On Monday I mentioned the tree ferns that populate the forests near the active volcano at Volcanoes National Park. Today, we'll take a closer look at the Hawaiian tree fern, or Cibotium glaucum, or hapu'u.
As you can see from the photo above, Cibotium can reach heights up to 8 meters. I encountered this forest - the upper canopy consisting of ohi'a and the understory of hapu'u - while walking to the Thurston Lava Tube in the park. The scale of these beautiful plants is awesome, in the truest sense of the word.
The fronds have a pure, clear green color, with small leaflets. The plant can be propagated by spores - the ones on the youngest fronds are usually most fertile.
The fiddleheads are actually the size of real fiddle or violin heads. Much like other ferns, frying or boiling the heads is part of the local cuisine.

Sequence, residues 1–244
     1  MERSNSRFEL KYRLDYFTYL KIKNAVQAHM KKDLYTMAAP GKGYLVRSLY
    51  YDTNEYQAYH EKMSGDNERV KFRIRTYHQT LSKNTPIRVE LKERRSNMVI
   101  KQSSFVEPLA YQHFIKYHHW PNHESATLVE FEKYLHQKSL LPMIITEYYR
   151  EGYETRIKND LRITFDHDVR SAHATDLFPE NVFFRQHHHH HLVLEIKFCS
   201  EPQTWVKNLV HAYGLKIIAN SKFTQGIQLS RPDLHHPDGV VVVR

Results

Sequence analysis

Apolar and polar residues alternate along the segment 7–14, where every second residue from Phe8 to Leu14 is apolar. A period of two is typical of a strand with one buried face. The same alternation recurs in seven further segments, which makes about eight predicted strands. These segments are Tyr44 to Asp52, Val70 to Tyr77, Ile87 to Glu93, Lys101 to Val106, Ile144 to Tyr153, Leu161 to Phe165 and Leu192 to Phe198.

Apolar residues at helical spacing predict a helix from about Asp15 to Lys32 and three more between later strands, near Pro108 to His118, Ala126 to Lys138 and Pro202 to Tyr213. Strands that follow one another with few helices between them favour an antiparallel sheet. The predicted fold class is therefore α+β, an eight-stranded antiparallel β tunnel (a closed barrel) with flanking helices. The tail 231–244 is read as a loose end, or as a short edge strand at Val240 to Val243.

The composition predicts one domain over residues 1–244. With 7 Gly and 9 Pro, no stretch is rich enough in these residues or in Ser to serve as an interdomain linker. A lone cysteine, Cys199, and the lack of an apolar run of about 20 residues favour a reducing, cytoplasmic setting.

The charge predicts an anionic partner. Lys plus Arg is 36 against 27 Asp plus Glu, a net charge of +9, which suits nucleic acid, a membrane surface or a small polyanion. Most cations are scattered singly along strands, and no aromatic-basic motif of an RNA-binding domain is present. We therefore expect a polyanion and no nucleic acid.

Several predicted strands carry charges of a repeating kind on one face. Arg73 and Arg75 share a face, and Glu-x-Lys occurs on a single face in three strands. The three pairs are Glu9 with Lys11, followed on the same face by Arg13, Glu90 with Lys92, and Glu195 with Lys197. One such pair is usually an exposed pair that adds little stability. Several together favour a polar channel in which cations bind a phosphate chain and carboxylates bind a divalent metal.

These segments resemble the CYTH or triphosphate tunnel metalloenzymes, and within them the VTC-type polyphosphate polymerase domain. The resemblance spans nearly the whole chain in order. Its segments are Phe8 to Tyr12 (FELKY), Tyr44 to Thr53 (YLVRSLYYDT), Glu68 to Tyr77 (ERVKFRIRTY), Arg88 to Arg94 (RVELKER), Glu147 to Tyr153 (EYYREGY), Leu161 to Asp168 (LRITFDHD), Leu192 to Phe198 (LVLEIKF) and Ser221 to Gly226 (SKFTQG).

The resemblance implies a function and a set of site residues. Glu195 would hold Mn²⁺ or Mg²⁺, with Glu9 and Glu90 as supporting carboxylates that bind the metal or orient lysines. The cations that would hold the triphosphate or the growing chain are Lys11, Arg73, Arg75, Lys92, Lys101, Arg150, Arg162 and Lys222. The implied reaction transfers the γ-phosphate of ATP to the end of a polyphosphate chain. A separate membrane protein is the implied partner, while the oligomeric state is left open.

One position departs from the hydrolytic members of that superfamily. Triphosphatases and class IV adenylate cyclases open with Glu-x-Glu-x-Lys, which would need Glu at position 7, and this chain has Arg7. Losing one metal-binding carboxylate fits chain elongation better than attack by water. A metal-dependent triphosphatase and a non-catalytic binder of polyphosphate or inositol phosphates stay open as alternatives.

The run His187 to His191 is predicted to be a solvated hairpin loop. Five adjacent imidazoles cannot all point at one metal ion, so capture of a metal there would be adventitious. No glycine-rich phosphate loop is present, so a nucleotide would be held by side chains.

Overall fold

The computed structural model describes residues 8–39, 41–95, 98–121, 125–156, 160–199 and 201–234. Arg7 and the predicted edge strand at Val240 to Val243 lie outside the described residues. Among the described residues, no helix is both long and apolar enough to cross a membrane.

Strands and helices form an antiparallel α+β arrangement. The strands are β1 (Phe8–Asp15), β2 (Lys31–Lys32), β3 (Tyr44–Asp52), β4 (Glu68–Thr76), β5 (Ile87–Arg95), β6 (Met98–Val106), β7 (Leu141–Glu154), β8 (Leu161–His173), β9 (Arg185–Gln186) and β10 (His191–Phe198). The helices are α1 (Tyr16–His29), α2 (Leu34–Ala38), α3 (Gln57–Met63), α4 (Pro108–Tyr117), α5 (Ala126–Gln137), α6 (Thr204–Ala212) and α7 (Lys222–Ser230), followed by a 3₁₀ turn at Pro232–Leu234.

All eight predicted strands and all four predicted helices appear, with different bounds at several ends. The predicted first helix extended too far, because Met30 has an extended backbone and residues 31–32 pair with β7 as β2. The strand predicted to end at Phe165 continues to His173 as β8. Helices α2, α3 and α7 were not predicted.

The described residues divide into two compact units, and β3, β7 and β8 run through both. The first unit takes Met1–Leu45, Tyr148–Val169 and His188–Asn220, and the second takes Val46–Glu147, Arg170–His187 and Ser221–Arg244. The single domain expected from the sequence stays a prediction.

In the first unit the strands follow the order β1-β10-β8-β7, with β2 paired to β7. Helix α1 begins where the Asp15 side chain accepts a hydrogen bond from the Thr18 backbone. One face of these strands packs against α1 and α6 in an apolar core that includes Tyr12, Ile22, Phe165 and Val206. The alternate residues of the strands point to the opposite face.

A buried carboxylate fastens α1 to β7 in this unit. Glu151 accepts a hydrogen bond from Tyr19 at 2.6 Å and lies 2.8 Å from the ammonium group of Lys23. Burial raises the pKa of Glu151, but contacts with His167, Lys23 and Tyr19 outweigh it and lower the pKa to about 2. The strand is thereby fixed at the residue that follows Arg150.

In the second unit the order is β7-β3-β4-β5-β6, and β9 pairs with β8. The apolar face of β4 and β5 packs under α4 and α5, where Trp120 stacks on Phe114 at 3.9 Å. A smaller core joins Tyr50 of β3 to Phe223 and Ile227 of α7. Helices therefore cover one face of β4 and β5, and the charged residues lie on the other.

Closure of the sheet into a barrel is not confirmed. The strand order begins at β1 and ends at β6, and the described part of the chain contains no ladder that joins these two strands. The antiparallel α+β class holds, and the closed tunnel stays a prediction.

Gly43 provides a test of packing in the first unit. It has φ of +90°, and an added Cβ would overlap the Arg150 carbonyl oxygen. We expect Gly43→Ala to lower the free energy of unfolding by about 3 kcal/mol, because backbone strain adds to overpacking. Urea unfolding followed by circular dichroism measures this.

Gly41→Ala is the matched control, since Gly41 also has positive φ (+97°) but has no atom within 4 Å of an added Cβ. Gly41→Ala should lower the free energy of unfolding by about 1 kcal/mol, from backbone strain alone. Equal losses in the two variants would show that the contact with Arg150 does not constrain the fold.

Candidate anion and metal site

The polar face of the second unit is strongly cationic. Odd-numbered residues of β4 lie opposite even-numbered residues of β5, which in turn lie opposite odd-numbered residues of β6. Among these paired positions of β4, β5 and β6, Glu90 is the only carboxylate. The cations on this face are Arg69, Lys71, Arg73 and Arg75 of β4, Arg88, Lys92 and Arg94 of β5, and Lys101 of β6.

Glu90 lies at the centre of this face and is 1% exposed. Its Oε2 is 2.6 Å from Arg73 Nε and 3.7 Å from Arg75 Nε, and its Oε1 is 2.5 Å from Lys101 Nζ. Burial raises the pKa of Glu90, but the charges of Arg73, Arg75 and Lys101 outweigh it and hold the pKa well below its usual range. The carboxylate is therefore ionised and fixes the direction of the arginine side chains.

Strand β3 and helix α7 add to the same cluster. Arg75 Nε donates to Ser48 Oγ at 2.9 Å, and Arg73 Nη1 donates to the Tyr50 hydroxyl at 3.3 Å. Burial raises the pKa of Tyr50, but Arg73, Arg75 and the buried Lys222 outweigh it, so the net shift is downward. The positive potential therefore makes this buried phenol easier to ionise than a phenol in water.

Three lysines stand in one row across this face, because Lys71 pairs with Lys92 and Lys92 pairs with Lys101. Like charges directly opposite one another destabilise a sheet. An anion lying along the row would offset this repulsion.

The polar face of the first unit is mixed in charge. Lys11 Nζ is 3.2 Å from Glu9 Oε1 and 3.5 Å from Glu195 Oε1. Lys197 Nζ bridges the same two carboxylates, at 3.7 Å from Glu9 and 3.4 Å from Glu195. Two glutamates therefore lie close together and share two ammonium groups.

The plants' trunk can be edible as well, but is not very tasty. I read on one site that the trunk is considered "famine food."
In addition to the edible parts of the plant, the shaggy base of the trunk - or the pulu - has been used as a soft filling for pillows and mattresses. This use reached a peak in the mid 19th century and large swaths of tree fern forests were almost irreparably degraded. Much like I mentioned Monday in regards to Metrosideros, these forests are now more carefully managed.